provided development fund to buy a few reagents. As for a

research question, while teaching in the introductory lab

I had learned that the worm Lumbriculus variegatus was

inexpensive to work with, and it

offered plenty of interesting ave-

nues for investigation. I was ready

to go.

In June of 2019, I nervously

started to mentor my first group of

research students, worried that my

skills would be rusty or, worse, obso-

lete. Indeed, some bread-and-butter

techniques from my past were no

longer relevant. But I found that

the core process of scientific in-

quiry—asking questions, designing

experiments, interpreting data—

hadn’t changed. And my trouble-

shooting skills quickly kicked in.

Our first western blot looked like a

Rorschach test, but after weeks of

fine-tuning, we had an interpreta-

ble blot—reason for a minor cele-

bration. By the end of the summer,

we had generated enough data to

put together a poster to present at

a conference in January. I left that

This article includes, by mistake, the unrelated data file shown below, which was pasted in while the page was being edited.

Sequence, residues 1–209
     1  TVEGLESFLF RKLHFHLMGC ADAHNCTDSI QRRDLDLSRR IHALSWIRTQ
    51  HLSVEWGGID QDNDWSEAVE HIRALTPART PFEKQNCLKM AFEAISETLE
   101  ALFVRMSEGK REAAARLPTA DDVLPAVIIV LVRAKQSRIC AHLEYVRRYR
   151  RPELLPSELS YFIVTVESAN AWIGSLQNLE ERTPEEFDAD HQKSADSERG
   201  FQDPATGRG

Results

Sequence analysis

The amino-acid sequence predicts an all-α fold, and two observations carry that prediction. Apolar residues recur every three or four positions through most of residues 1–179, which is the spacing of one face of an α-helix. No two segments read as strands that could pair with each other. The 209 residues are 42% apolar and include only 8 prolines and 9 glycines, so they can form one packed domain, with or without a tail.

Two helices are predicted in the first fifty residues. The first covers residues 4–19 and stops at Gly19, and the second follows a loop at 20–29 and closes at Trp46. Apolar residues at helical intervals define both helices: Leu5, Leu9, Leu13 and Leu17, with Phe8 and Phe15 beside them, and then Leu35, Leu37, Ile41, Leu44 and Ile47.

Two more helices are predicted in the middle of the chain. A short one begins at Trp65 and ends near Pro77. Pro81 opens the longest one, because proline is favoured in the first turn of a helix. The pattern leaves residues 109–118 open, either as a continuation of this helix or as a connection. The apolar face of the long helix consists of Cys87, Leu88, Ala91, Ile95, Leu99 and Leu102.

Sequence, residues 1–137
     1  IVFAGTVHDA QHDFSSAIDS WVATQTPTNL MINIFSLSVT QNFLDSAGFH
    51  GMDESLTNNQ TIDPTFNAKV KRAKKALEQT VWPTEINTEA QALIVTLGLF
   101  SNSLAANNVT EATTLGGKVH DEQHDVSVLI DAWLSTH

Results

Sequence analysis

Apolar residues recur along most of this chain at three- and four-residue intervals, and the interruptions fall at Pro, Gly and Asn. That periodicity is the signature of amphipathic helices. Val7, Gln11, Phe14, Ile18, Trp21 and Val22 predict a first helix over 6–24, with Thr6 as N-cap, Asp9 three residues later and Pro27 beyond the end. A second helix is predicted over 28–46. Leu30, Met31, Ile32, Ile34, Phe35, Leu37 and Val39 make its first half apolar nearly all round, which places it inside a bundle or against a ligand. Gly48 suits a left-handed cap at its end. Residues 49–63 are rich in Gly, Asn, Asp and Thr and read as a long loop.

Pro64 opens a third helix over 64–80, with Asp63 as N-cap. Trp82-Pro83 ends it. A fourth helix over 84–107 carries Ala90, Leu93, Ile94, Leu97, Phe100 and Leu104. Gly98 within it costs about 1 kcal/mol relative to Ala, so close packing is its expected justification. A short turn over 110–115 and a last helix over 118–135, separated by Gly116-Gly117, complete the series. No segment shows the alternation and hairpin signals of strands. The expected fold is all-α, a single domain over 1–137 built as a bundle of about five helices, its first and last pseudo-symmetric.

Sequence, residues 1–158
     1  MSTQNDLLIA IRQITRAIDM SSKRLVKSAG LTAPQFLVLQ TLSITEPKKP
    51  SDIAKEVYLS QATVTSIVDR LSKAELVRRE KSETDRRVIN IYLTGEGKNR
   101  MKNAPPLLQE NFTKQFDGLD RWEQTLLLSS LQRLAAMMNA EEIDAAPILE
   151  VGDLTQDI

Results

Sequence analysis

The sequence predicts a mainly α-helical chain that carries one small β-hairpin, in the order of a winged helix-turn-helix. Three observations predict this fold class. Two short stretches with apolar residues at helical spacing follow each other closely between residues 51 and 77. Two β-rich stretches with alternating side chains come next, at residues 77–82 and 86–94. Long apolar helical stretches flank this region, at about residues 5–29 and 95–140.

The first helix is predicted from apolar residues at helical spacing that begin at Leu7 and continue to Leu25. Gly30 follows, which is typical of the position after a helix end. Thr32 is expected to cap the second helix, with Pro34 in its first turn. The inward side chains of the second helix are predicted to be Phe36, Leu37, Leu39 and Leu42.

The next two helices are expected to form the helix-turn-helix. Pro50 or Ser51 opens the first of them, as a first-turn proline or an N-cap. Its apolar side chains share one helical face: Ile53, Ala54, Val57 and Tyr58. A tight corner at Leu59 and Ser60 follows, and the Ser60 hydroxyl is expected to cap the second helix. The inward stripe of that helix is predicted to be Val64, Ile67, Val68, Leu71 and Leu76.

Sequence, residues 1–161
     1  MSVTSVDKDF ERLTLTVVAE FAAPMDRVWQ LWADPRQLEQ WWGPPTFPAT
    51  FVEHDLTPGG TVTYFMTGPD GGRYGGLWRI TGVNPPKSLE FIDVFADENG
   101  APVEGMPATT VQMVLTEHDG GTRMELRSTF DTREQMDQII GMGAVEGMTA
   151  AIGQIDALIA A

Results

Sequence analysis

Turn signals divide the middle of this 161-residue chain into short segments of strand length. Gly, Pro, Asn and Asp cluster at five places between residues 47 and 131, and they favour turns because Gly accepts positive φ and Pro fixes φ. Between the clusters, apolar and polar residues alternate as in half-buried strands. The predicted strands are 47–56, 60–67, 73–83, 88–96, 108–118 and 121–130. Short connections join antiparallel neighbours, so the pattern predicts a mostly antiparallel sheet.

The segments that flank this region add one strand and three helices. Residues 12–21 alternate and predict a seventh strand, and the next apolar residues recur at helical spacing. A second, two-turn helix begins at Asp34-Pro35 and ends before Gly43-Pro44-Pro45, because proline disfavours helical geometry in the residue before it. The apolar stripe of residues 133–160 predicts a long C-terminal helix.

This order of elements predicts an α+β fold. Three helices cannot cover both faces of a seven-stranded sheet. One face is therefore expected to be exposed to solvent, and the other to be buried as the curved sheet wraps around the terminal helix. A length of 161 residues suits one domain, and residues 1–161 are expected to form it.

meeting feeling optimistic and energized about the future,

wondering why I had waited so long to return to research.

Just 3 months after the conference my research was

interrupted again—frustrating, to say the least. But despite

the COVID-19 restrictions, I have found ways to carry on. I

am currently collaborating remotely with a student who was

slated for full-time lab research this summer. We hatched a

plan: He designs experiments, and I do the hands-on work.

From there, he interprets the data and plans the next steps.

It’s not ideal, but we are making progress.

Even in normal circumstances, research is hard. This

summer, our results have been confusing, and at times I

have felt like throwing in the towel. But I remember how

much I enjoyed the summer of 2019, and that I chose this

path. If I could overcome my fears and return to research

after a 22-year break, I won’t let a slowdown stop me now. j

Kathy Gillen is an assistant professor of biology at Kenyon College

in Gambier, Ohio. Do you have an interesting career story to share?

Send it to [email protected]

“If I could … return to research
after a 22-year break, I won’t let

a slowdown stop me now.”


he two emails arrived the same early April day. One informed me that I had secured a $3000 grant.

Although the dollar value was small, it was a big step toward restarting my research career after

a 22-year hiatus. The second email announced that my college had canceled in-person student

research for the coming summer because of COVID-19. My newly relaunched research program

had abruptly crashed back to Earth.

By Kathy Gillen














874 14 AUGUST 2020 • VOL 369 ISSUE 6505 SCIENCE


Published by AAAS